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ImageMagick zero-days could lead to data breach or DoS

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  • 2 min read

Two security vulnerabilities in the popular open-source image manipulation program Imagemagick have been exposed by researchers at Metabase Q. The vulnerabilities are currently tracked as CVE-2022-44268 and CVE-2022-44267 and could cause a data breach or trigger a DoS condition if exploited. The vulnerabilities affect version 7.10-49 of the program and have been fixed in version 7.1.0-52 released in November 2022. 

CVE-2022-44267 is a DoS issue that gets triggered when the software parses a PNG image containing a single dash (-) in the filename. When parsing such an image, the conversion process could be left waiting for a stdin input that can cause a DoS condition — a state where the process can’t process any other images. 

To remotely exploit this bug, an attacker can upload a malicious PNG with a text chunk that’d add a single dash in the name to any site using Imagemagick. The site would then parse the image and Imagemagick would interpret the text string as the filename, loading the content as a raw profile. If this text string contains a single dash, the program would then try to read content from the standard input streaming potentially leaving the conversion process waiting infinitely.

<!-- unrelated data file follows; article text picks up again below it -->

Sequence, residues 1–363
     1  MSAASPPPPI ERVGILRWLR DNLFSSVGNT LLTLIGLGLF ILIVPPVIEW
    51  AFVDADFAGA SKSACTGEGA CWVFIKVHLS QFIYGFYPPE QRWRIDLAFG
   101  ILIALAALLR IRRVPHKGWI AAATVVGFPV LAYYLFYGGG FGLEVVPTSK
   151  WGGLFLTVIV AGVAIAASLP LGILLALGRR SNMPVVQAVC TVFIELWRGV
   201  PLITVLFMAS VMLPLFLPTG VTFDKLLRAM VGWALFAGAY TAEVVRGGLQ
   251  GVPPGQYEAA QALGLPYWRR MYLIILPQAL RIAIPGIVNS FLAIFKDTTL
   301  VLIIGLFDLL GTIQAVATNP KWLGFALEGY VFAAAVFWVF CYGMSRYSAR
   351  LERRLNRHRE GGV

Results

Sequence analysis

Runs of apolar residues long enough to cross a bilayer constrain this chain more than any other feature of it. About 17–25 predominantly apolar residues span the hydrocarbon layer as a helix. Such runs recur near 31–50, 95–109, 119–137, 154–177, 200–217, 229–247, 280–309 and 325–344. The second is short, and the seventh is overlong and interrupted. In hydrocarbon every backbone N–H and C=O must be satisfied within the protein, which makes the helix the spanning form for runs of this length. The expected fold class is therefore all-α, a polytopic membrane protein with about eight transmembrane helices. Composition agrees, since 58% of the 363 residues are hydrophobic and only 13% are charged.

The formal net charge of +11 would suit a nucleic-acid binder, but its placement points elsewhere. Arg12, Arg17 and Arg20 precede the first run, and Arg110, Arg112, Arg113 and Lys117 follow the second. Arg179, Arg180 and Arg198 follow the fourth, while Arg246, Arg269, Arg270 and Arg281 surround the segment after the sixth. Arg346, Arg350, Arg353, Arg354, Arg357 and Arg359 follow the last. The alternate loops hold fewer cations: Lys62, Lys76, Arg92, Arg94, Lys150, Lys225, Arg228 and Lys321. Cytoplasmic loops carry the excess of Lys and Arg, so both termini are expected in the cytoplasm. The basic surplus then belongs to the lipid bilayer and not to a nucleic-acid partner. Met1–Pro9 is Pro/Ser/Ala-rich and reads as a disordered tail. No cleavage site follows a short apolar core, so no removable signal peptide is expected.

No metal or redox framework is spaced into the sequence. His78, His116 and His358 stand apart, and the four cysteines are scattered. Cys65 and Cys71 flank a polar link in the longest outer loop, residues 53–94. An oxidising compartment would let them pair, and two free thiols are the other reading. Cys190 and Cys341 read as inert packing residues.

The second vulnerability, CVE-2022-44268 is an information disclosure flaw that lets a threat actor read arbitrary files from a server when parsing an image. This also happens when the program is parsing a PNG image. If Imagemagick has permission to read other arbitrary files, the resulting image after the parsing process could have been embedded with contents from another file on the machine.

Vulnerabilities in popular open-source programs should be taken seriously as these are often largely used by people around the world looking to save subscription costs. Open-source programs should also be used with caution as they’re easy targets for threat actors who can look at the source code and figure out weaknesses to exploit.

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Yadullah Abidi

Yadullah is a Computer Science graduate who writes/edits/shoots/codes all things cybersecurity, gaming, and tech hardware. When he's not, he streams himself racing virtual cars. He's been writing and reporting on tech and cybersecurity with websites like Candid.Technology and MakeUseOf since 2018. You can contact him here:

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